As mentioned earlier during the overview on Stale frames, when using Extra Latency Mode, it’s possible to deliver frames before they are needed. A few early frames can be ignored. If you’re persistently running at high early frames, make sure your CPU/GPU level aren’t set higher than you need. If your early frames have matching FPS, I would recommend turning off Extra Latency Mode. You could also take advantage of your headroom by increasing the resolution or increasing shader complexity.


OVR Metrics Tool: TEARS
VrApi Logs: Tear

This reports when TimeWarp takes too long and experiences a screen tear. This was more common on early Gear VR devices. With the Oculus Go and Quest this should basically never happen unless your application is using too many layers (this might be the case if you are using quad or cylinder layers to display UI elements, or using multiple overlapping equirect video layers).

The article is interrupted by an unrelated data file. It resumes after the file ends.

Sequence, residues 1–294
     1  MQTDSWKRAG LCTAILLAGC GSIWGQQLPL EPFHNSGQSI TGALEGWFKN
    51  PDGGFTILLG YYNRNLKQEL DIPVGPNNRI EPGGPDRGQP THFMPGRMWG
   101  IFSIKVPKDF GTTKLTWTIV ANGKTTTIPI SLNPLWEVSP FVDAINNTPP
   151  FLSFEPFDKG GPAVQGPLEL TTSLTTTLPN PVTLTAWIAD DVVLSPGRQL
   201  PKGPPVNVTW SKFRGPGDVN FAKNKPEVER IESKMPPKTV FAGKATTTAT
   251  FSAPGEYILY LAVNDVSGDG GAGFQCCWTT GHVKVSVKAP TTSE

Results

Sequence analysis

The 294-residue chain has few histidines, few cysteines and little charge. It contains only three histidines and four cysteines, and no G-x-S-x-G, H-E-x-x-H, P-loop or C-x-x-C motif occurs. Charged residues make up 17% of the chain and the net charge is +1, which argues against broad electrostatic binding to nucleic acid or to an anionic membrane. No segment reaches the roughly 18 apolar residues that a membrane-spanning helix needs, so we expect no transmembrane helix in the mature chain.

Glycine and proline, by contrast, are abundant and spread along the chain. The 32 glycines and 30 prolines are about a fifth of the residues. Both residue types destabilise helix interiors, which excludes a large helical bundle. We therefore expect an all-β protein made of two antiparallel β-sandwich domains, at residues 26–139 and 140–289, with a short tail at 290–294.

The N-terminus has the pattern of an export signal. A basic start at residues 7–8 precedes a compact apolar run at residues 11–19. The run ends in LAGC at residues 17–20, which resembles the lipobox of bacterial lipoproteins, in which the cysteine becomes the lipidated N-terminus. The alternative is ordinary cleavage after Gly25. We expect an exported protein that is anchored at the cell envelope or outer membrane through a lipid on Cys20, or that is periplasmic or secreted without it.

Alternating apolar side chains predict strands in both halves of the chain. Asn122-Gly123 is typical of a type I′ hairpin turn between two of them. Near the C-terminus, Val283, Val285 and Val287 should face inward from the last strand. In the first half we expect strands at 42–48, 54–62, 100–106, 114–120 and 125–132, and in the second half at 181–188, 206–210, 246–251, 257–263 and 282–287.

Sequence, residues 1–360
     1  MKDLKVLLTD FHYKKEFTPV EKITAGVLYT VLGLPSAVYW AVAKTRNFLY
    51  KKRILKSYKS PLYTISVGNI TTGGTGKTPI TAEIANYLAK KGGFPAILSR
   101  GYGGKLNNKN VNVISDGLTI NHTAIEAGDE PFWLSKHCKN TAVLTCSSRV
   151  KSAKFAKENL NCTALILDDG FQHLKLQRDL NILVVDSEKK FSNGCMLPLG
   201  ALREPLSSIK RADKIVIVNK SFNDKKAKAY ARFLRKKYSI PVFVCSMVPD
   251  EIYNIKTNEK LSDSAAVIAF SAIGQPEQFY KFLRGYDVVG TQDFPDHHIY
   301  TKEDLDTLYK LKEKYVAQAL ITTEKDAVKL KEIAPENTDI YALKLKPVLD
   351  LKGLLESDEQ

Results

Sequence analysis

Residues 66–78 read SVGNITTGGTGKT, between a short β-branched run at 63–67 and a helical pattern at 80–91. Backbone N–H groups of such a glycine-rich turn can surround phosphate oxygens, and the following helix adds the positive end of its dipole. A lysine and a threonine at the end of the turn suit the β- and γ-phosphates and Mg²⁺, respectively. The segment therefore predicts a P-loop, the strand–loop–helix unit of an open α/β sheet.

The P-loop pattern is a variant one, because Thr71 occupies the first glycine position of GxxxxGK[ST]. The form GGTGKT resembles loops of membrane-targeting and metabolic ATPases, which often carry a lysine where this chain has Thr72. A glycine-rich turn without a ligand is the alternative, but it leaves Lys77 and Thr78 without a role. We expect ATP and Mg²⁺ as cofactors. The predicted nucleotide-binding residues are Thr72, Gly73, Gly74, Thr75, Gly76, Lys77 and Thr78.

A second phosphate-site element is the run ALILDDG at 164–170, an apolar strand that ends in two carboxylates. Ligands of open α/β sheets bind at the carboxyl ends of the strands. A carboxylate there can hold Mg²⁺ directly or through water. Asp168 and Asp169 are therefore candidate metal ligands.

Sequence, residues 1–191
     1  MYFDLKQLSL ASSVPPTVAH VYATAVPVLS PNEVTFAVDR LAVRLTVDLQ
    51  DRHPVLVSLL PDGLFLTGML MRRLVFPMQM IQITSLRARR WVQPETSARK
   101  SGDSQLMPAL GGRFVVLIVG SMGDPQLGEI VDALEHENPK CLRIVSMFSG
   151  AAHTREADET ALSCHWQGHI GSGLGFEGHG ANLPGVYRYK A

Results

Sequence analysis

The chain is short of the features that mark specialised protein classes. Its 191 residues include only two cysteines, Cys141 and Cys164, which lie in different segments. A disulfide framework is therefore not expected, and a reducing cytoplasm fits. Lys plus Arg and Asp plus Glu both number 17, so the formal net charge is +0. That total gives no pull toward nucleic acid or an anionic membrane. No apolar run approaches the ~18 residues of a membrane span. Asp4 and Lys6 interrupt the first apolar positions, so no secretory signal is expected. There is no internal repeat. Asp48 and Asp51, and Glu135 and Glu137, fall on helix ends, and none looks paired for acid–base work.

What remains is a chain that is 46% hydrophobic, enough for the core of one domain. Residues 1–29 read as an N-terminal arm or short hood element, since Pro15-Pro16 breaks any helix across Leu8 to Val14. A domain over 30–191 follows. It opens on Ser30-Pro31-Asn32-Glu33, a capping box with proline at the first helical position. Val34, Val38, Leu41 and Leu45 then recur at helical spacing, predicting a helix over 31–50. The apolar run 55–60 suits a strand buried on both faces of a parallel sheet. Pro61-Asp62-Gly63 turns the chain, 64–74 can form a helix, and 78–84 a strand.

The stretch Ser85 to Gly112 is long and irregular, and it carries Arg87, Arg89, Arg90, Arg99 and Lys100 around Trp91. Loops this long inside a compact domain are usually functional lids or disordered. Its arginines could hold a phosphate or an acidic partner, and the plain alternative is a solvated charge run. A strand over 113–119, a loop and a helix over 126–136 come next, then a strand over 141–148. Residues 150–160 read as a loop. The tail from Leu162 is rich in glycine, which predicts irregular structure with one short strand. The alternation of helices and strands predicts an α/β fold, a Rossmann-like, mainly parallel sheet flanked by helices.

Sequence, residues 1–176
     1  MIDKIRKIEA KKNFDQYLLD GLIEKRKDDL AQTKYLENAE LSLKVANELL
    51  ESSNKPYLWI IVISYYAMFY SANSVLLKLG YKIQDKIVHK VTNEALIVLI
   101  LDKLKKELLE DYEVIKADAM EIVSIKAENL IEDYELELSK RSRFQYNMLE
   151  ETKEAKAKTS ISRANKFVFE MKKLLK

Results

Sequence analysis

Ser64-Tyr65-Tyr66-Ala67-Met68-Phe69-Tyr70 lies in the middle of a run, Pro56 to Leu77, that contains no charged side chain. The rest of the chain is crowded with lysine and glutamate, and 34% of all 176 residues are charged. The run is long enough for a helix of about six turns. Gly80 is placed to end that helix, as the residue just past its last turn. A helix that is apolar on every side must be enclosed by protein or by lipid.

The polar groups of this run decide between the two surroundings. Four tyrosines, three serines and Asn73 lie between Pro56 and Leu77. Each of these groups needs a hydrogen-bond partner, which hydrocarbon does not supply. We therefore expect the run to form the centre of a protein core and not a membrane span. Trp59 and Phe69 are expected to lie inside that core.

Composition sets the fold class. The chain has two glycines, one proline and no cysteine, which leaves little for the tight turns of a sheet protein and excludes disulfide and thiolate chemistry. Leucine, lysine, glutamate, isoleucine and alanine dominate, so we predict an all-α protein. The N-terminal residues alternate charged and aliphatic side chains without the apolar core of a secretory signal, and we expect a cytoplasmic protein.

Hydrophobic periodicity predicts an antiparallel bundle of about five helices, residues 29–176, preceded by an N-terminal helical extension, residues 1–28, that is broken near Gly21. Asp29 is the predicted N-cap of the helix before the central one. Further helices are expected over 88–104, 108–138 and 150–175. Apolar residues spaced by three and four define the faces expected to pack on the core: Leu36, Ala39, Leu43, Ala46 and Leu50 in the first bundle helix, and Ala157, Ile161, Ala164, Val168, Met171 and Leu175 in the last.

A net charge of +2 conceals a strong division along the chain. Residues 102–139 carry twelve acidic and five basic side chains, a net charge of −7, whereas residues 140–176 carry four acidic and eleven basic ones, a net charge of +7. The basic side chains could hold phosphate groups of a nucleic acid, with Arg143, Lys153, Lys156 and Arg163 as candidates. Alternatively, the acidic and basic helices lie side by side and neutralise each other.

Used Memory

OVR Metrics Tool: U MEM
It seems like used memory would be really useful, however, this number reports PSS (Proportional Set Size) Memory. Because apps can share memory in Android, this adds up all the unique memory used by the app, and a fractional part of shared memory based on how many apps are sharing it. For instance, if two apps use a library that takes 20mb, it would add 10mb each to the PSS of the individual apps. The Wikipedia Page on PSS does a good job of explaining how this logic works. This metric does have value to keep track of how much relative memory your app is allocating, but the actual number reported is pretty useless for tracking your true memory footprint.

Extra Latency Mode

OVR Metrics Tool: LAT
VrApi Logs: LAT

Check out Stale Frames for an explanation of Extra Latency Mode. LAT is how you check what it’s set to. This will almost always be 1, which is why it’s this far down the list despite how important this number is.

Swap Interval

OVR Metrics Tool: SWAP
VrApi Logs: VSync